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Discussion Starter · #1 ·
I installed 2 packages May 25th. One went queenless shortly thereafter and the other went gang busters (for a while). I requeened the first hive (with a hygenic italian from reputable breeder), but the population was really low. I bought a nuc, took a frame of capped brood and nurse bees from the nuc and put it into the weak hive. I then put the nuc into a 10fr box. 2 weeks ago when I did this the week hive had 1/4 of 2 frames (if that) drawn out. The 2nd hive (going gang busters) has pretty much stopped doing anything. There is still a queen and she is laying as there is all 3 types of brood. They are not expanding at all though. They have 4 frames 3/4 drawn and part of another but thats it. They had that much 2 weeks ago. The week hive still doesn't have hardly any comb drawn but the queen is laying in the added Nuc frame.

Long story short, 4 weeks after I install 2 packages, 1 has 3/4 of 4 frames drawn and isnt expanding. 2nd barely has any comb and is likewise not expanding. Both have active queens and are being fed. They are both bringing in stores etc as well. I'm wondering if I should combine them? Would that give them a jump start? I know 1 good hive is better than 2 small hives. Or should I just cross my fingers and hope for the best? My reasoning is that it's getting later in the year and I'd rather take a solid hive into fall rather than trying to limp these two. Im not sure they will boom enough with the time left. I just don't understand why they aren't building comb. I'm hoping their combined numbers would get them going.

My thought is to pinch the package queen in the larger hive and keep the marked hygenic queen in the smaller hive and do a newspaper combine. If I do it Im hesitant about which queen to keep. Thoughts?
 

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I have had luck in situations like this by reducing the hive down to a 5 frame box. Less space to deal with. They seem to gain more traction in smaller equipment, but I'm a long way from Montana. Don't know which queen I would keep, I want them all.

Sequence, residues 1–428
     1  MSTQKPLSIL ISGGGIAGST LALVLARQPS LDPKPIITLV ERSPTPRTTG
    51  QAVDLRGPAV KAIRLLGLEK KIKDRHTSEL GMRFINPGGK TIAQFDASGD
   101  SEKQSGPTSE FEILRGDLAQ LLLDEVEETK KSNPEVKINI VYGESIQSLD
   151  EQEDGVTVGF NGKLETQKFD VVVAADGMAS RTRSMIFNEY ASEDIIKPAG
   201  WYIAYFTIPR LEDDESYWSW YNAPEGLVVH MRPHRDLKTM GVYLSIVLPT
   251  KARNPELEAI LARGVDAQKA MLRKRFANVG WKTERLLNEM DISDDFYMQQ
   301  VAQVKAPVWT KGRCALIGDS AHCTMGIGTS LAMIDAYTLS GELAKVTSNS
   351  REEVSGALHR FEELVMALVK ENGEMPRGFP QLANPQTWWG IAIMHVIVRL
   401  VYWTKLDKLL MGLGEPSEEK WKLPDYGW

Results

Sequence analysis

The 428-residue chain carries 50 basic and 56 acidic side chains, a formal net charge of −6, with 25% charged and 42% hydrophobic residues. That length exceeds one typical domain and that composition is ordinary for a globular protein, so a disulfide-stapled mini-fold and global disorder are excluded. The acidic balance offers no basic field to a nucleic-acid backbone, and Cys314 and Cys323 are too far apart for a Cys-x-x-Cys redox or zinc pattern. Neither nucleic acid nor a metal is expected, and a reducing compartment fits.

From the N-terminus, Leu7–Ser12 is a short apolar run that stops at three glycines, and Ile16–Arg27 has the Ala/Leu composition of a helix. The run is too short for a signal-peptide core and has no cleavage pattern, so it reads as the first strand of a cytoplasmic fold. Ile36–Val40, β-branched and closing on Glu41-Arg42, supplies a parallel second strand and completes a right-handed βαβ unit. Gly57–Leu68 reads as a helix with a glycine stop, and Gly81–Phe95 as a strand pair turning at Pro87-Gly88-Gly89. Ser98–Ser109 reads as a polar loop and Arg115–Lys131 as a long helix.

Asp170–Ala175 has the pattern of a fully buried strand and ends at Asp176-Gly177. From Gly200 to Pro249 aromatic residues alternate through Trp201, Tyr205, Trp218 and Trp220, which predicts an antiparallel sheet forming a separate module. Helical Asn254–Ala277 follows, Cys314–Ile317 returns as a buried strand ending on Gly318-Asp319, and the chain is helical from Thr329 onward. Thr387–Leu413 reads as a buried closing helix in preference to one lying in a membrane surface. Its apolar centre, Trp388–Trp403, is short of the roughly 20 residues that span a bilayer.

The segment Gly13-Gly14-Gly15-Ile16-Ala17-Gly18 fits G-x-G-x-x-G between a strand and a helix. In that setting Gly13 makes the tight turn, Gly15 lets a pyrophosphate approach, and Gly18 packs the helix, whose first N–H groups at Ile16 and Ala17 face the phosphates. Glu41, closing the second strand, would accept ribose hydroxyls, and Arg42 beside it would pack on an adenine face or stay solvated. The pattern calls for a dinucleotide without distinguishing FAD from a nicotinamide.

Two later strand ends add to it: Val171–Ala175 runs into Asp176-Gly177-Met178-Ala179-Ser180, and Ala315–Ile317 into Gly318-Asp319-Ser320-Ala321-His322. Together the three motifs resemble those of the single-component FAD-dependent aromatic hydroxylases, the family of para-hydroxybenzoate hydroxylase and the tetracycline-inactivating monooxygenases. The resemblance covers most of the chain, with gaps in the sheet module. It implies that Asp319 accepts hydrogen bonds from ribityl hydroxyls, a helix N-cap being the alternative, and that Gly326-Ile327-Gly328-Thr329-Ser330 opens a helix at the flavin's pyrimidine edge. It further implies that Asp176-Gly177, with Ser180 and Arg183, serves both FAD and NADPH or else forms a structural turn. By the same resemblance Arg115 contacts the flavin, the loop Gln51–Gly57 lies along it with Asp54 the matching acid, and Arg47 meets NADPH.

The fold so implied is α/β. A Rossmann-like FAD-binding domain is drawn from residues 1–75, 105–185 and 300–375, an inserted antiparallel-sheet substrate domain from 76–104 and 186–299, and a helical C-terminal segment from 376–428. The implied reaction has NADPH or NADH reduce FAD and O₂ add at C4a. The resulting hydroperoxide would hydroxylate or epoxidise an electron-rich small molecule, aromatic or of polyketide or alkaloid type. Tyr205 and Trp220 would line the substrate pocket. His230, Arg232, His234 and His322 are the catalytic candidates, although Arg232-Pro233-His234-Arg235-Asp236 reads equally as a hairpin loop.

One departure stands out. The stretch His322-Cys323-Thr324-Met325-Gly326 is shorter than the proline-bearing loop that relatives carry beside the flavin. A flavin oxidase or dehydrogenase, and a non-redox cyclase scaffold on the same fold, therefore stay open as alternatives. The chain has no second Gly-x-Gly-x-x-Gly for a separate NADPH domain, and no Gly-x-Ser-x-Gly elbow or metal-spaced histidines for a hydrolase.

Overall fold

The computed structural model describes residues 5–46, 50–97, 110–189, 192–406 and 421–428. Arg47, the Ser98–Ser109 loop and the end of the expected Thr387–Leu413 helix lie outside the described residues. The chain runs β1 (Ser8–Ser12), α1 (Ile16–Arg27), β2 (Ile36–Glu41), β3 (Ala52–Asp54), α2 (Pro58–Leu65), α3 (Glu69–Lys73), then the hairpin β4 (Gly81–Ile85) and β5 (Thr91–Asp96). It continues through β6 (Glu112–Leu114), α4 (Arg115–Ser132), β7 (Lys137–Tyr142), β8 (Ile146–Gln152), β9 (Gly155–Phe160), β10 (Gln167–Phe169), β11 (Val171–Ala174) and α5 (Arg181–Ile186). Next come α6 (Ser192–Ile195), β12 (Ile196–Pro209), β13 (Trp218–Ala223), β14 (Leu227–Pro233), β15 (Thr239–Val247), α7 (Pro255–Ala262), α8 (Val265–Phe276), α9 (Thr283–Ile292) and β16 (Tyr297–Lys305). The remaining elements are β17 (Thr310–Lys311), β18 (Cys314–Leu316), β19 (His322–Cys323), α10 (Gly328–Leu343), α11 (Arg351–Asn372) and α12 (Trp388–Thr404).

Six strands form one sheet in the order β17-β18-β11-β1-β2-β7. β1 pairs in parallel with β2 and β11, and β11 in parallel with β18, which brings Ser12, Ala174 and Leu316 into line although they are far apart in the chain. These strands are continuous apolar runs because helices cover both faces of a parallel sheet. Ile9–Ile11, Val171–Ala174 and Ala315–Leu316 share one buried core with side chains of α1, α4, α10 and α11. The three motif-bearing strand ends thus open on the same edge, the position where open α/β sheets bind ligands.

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Doesn't seem to me as though two weeks is long enough to evaluate whether a package is going to do well or not.
 

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The combine sounds like a good bet. Can you cage one queen and bank her?
 

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The population of any installed package declines for at least the first 3 weeks...that is if the queen started laying on day one of the install. Give them more time. She can only lay as much as her population can cover. I would give both hives more time before doing anything drastic. JMO.
 

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Discussion Starter · #6 ·
Thanks for the replies. I don't want to do anything drastic but I'm concerened with the lack of comb being drawn. I guess looking at the time line those saying I should wait a bit are probably right. The new brood could only have started emerging a week ago at the earliest. And they don't really get into comb drawing age until around now. So how long would you suggest I wait until I decide either way?
 

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House bees develop wax glands at around 9 days after emergence, so rather soon in your case (new brood at wax producing age). Giving at least a few more weeks to catch up/ get rolling - if they aren't drawing wax by the 2nd or 3rd brood cycle, there must some other issue. (They need a constant flow, or (restricted) feeding to promote continuous wax building).

In answer to you question - a few weeks, if you've addressed any other concerns. Wax building should begin to flourish from here on out.
 

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Personally, I would try adding frames of brood and bees from a strong hive to help them both along now (don't know if you have that available to you though). I just had some luck with that myself with a package that had a weak queen for the first month, then she disappeared. I requeened, but it was still lagging because there weren't enough bees to cover the brood until I added some more frames with bees on them.

Also, I would wait til fall to combine them. One or both may just surprise you.
 

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It sounds to me like they need time to build up populations. I would suggest syrup and pollen patty feeding to supplement the lack of forager bees and possibly slowing summer flows (not sure of your area's flows). It takes 6-9 weeks for bees to build up good from a package or new nuc. The greater the population, the faster they can grow in size. With just a few frames of bees and brood it takes awhile for them to get going. It takes bees to make more bees.
 
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